A Mathematical Approach

All of the examples so far given concerning the various
angles from which one can approach the Quran have
undoubtedly been subjective in nature; however, there
does exist another angle, among others, which is objective
and whose basis is mathematical.
It is surprising how authentic the Quran becomes when
one assembles what might be referred to as a list of good
guesses. Mathematically, it can be explained using
guessing and prediction examples. For instance, if a
person has two choices (i.e., one is right, and one is
wrong), and he closes his eyes and makes a choice, then
half of the time (i.e., one time out of two) he will be right.
Basically, he has a one in two chance, for he could pick the
wrong choice, or he could pick the right choice.
Now if the same person has two situations like that (i.e., he
could be right or wrong about situation number one, and
he could be right or wrong about situation number two),
and he closes his eyes and guesses, then he will only be
right one‐fourth of the time (i.e., one time out of four). He
now has a one in four chance because now there are three
ways for him to be wrong and only one way for him to be
right. In simple terms, he could make the wrong choice in
situation number one and then make the wrong choice in
situation number two; or he could make the wrong choicein situation number one and then make the right choice in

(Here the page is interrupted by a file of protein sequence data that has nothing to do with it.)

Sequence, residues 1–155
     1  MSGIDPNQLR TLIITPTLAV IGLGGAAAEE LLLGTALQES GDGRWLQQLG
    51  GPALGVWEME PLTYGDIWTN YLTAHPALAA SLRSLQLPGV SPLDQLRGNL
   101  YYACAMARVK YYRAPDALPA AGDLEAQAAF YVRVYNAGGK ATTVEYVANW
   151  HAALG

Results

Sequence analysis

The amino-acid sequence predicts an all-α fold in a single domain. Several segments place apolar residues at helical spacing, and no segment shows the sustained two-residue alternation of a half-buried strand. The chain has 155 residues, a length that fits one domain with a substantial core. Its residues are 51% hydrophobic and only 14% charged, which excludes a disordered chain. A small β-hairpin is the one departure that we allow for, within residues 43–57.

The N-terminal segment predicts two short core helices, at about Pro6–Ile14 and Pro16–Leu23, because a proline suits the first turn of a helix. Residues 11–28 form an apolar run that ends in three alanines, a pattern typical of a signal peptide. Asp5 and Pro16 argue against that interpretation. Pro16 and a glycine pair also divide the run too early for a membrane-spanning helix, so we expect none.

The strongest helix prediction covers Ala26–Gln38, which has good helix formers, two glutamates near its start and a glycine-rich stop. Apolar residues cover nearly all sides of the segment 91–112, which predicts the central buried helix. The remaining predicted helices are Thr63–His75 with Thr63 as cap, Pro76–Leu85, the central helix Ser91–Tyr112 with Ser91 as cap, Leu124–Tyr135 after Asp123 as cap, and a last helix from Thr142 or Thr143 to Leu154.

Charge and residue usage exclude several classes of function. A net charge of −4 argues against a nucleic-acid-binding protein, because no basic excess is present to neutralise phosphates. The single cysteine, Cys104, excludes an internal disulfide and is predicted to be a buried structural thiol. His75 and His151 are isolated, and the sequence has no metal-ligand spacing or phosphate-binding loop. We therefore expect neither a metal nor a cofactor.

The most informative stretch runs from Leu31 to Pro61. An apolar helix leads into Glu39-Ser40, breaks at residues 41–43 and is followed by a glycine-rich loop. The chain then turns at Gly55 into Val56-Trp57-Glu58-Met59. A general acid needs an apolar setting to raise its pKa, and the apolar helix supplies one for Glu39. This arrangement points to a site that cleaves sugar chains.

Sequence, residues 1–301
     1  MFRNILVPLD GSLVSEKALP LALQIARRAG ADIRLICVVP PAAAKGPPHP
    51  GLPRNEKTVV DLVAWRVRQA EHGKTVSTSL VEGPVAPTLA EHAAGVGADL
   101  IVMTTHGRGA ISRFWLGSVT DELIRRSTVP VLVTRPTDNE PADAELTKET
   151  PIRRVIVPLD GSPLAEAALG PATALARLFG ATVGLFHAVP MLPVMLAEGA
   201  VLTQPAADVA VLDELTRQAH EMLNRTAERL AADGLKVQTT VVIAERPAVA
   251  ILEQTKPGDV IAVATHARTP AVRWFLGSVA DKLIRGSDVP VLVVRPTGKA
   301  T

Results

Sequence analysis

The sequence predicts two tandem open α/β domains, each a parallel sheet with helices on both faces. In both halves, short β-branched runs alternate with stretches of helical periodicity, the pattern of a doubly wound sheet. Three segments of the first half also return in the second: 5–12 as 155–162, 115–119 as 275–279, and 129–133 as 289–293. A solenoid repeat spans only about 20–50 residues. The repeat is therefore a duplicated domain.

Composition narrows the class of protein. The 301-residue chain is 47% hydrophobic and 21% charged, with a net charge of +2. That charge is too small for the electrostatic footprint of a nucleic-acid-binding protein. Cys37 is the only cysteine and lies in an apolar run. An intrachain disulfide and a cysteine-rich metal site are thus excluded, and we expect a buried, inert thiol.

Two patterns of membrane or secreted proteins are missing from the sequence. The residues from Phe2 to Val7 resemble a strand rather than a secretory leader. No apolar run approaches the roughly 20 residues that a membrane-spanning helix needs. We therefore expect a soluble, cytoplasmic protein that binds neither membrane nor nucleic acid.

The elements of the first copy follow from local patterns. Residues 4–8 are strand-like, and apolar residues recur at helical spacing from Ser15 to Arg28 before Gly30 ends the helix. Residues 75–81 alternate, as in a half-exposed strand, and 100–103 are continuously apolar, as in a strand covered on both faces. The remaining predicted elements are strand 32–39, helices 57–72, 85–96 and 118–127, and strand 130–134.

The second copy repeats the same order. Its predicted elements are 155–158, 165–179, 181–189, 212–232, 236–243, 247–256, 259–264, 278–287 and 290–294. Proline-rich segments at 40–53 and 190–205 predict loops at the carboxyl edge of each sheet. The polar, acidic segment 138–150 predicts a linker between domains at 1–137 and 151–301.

situation number two; or he could make the right choice in
situation number one and then make the wrong choice in
situation number two; or he could make the right choice in
situation number one and then make the right choice in
situation number two.
Of course, the (only instance in which he could be totally
right is the last scenario where he could guess correctly in
both situations. The odds of his guessing completely
correctly have become greater because the number of
situations for him to guess in have increased; and the
mathematical equation representing such a scenario is ½ x
½ (i.e., one time out of two for the first situation multiplied
by one time out of two for the second situation).
Continuing on with the example, if the same person now
has three situations in which to make blind guesses, then
he will only be right one‐eighth of the time (i.e., one time
out of eight or ½ x ½ x ½ ). Again, the odds of choosing the
correct choice in all three situations have decreased his
chances of being completely correct to only one time in
eight. It must be understood that as the number of
situations increase, the chances of being right decrease, for
the two phenomena are inversely proportional.
Now applying this example to the situations in the Quran,
if one draws up a list of all of the subjects about which the
Quran has made correct statements, it becomes very clear
that it is highly unlikely that they were all just correct blind guesses. Indeed, the subjects discussed in the Quran
are numerous, and thus the odds of someone just making
lucky guesses about all of them become practically nil. If
there are a million ways for the Quran to be wrong, yet
each time it is right, then it is unlikely that someone was
guessing.
The following three examples of subjects about which the
Quran has made correct statements collectively illustrate
how the Quran continues to beat the odds.

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